PORTLAND -- La Nina, the name given the cooling of the Pacific Ocean at the equator is being blamed for the cold, wet spring in Oregon. Even a slight change makes a big difference in weather patterns.
“You've seen most of your annual precipitation for the year by last month," Oregon State University's Deputy Director of the Oregon Climate Service Kathie Dello said.“It kinda aims the storm track right at us,” Dello said. “Its usually a cold and wet Northwest winter -- and its been that way," she said.
Which begs the question, are we stuck with cold, wet springs in the Northwest?
“Not necessarily,” Dello said. “We have all sorts of natural variability going on. Springs look differently -- we had La Nina starting last year so that possibly added to it. Also the Arctic's a little warmer than normal -- and it's kind of like leaving the refrigerator door open -- and the cold air just spills down," Dello said.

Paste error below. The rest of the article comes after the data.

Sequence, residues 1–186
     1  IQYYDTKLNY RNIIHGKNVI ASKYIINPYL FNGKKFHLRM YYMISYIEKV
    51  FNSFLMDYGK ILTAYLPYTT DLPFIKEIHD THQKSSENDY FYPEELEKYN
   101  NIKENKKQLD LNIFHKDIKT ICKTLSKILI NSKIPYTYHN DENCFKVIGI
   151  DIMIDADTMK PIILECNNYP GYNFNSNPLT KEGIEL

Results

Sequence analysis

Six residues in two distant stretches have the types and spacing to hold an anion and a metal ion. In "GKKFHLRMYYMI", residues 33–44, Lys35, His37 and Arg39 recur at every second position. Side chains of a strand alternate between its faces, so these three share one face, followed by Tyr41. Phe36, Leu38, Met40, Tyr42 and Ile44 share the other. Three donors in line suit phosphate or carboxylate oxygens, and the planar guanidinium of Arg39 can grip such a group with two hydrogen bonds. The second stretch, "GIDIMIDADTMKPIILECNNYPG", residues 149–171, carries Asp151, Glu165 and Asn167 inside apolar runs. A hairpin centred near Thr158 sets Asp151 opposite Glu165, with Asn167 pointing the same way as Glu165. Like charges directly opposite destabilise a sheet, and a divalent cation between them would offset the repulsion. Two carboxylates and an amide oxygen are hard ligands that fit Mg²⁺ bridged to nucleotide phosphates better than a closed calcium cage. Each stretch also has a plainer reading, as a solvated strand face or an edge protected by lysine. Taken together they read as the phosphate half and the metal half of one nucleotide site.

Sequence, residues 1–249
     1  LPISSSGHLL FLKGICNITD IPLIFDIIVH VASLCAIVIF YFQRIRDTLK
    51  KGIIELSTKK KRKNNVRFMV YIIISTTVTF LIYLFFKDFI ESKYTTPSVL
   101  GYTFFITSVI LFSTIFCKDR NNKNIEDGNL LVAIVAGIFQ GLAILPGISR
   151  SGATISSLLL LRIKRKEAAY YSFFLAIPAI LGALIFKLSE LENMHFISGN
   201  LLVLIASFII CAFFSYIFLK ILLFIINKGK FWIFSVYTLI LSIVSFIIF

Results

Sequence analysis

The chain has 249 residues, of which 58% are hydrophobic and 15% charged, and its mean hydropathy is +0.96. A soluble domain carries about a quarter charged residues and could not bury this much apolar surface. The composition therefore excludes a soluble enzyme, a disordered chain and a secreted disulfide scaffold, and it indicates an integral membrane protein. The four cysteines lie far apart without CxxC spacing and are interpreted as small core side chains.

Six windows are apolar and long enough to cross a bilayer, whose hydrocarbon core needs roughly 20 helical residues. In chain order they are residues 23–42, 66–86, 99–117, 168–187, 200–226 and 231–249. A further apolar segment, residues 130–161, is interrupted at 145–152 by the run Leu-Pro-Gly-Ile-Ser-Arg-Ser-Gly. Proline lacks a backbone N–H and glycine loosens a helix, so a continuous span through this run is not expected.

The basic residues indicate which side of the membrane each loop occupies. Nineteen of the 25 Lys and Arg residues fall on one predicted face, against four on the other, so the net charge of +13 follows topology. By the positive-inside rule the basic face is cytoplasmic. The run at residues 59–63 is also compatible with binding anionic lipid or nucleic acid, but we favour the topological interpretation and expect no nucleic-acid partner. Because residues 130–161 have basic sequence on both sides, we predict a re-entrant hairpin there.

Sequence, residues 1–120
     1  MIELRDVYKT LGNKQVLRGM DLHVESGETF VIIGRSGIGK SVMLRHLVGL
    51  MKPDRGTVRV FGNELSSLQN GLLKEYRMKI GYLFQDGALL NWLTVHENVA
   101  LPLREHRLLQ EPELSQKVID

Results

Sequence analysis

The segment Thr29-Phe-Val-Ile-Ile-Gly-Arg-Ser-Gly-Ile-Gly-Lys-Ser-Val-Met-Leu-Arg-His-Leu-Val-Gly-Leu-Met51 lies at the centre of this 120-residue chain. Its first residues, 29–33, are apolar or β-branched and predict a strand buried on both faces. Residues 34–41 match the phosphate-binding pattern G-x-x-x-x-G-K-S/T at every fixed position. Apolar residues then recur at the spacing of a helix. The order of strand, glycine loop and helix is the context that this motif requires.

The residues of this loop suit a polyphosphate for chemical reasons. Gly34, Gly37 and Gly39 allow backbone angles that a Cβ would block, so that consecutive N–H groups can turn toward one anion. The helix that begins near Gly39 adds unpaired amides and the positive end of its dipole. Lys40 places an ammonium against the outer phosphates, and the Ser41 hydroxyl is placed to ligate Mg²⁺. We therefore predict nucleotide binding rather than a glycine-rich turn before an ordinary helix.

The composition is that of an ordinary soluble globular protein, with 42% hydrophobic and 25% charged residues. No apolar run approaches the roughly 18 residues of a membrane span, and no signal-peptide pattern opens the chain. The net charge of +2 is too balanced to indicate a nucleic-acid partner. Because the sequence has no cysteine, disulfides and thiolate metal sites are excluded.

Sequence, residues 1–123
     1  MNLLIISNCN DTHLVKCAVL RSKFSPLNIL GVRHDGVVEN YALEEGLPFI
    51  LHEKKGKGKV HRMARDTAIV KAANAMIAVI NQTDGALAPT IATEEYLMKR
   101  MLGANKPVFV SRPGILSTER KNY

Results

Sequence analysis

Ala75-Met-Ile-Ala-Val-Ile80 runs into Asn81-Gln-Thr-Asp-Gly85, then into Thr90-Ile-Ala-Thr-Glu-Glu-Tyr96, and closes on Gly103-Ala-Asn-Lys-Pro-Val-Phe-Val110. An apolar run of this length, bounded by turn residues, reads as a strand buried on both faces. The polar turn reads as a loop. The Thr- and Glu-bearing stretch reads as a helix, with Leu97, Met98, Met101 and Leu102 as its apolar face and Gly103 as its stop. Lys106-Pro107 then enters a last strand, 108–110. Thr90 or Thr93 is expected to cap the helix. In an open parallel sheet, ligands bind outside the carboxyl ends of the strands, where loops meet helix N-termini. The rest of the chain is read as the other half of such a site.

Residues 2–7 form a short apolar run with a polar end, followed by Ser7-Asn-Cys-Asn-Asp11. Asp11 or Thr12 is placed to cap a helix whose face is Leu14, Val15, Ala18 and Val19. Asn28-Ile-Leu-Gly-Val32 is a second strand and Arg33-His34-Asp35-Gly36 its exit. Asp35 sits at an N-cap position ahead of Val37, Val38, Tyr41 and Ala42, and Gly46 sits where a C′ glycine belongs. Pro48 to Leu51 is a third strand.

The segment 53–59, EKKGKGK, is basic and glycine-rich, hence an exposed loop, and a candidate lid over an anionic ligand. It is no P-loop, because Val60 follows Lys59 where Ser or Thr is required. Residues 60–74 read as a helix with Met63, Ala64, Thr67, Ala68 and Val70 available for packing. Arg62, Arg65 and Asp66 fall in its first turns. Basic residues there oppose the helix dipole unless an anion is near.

She later explained that typically, extreme cold temperatures at the poles keeps the cold air in one place. Warmer temperatures allow the air to wander bringing the chill to the rest of us.
But what about the Midwest? Why are the tornadoes so extreme? Why are they so deadly this spring?
“The jet stream is unusually strong this year,” Dello said. “And to get a tornado you need strong upper level winds to create wind sheer," she said.
Finally, is global warming to blame for La Nina, the wandering arctic air and the stronger than normal jet stream? “It’s a little too soon to tie anything to global warming,” said Dello. “You can’t tie one event or one series of events in a year to global warming."
"Certainly extreme events may increase as the earth warms but we can’t tie these tornadoes to climate change," she said.